Saturday, December 12, 2009

Painting One's Mother, Preserving One's Youness

A wonderful little book you might like to read, called The Painting of You, by writer, poet and fellow blogger William Michaelian of Recently Banned Literature.

What can I say about The Painting of You except--go read it!  Once you open it up to the first page you will not be able to put it down.  There is something for everyone here--for poets, writers, mothers and sons, children and parents, caretakers, and readers of memoirs alike.

What's the book about?  It's an autobiographical account of a man caring for his mother who has Alzheimer's Disease; about his and her dreams, their family history, the struggle to maintain communication, the pain of watching a loved one slowly disappear as you become a stranger to them. 

In the book, Michaelian asks, in a poem, how he should paint his mother...

As a puzzled soul
looking out the window,
or a curious girl,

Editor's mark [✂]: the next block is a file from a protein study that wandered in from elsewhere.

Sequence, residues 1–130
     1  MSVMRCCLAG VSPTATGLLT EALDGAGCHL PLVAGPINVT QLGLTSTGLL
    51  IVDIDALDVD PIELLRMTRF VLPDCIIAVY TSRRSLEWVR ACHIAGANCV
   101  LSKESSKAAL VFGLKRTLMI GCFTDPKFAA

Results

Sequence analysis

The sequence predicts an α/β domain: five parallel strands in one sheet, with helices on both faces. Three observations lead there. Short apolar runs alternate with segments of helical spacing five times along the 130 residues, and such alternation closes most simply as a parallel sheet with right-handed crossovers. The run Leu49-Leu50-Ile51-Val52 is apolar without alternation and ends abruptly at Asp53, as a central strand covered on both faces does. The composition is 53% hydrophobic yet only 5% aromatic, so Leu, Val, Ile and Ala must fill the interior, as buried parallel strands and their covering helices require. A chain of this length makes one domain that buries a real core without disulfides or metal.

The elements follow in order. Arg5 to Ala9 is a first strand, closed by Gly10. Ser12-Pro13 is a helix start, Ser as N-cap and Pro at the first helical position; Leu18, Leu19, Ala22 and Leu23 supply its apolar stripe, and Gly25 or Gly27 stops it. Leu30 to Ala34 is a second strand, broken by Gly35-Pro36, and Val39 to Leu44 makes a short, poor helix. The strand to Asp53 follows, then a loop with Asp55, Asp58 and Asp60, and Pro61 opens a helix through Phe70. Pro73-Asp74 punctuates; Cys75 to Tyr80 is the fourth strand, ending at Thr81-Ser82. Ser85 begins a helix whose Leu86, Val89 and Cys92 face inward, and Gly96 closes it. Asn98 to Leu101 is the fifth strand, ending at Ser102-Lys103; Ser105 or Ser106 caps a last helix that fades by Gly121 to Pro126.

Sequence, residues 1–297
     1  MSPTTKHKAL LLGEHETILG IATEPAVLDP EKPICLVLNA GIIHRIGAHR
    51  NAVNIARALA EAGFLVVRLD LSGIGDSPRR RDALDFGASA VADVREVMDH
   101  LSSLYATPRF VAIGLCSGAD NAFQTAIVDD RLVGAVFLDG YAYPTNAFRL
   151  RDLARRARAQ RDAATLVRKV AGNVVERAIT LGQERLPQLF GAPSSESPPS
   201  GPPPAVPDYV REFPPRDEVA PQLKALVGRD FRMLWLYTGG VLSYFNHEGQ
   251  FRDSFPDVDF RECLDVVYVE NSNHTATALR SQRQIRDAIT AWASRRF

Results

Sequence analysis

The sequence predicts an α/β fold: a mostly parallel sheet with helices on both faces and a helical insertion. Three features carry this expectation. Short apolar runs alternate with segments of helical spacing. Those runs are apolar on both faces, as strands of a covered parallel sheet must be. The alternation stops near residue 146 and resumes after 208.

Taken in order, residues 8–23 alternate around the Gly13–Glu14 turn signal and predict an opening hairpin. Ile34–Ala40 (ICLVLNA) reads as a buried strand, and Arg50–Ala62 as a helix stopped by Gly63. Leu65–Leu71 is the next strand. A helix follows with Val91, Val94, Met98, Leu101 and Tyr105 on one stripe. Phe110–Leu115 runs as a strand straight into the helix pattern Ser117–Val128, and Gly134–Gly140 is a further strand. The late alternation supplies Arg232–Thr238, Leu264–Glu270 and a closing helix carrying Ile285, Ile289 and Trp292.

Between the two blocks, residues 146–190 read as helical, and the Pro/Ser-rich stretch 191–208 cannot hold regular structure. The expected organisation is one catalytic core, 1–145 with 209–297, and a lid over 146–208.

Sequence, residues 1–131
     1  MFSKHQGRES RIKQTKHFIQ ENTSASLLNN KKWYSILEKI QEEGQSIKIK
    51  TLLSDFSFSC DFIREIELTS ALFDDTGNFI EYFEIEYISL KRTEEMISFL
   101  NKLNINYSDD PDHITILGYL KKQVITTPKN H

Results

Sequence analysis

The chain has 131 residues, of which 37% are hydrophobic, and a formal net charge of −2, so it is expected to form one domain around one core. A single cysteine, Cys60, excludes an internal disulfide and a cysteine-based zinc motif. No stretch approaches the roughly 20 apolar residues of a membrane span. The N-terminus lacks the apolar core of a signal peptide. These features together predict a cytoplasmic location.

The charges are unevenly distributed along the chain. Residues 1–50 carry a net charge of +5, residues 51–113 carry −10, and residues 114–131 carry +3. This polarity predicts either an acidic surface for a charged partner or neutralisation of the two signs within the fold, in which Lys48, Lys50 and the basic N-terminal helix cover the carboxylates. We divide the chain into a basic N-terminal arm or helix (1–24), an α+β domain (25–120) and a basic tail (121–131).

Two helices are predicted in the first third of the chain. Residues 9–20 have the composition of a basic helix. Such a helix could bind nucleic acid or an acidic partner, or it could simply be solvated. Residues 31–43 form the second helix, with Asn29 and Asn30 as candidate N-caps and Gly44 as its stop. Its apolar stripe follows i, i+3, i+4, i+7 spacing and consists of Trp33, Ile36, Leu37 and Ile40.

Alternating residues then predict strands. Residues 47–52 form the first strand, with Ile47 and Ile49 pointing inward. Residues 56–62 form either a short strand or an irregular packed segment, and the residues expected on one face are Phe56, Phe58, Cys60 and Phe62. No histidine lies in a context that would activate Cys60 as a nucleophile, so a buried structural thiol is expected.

looking in?

And suppose the two
are friends--what then?

Does one begin
where the other ends?

Or must I paint them
both again, one as the other,
each as they have
always been?

The book is also about fatigue and weariness, aching limbs and decades-old dishtowels, and tea stains and powder clouds, "far too little and far too much", and ...  fleeting glimpses of grace.

Imagine a writer--any writer's--happiness at having been able to preserve, and share the moments of those difficult but important years, and to pass them on, as legacy, not only of the time and person written about ...  but the words themselves, as legacies.  Like threads being spun on a loom, each generation a band of connection, as if when one thread becomes tangled, or severed, an invisible hand emerges to find the missing loop, reconnect the link again, so that the whole of the picture remains forever intact.

I thought to write a review of this book but it would be really really difficult to top the one already written by Paul Martin over at The Teacher's View.   Read Paul's review here--he says it so much better than I ever could.

But truly--this is a very special book that one can read again and again.  If you want to get a copy,  information on ordering it in either print copy or as an ebook, can be found here.

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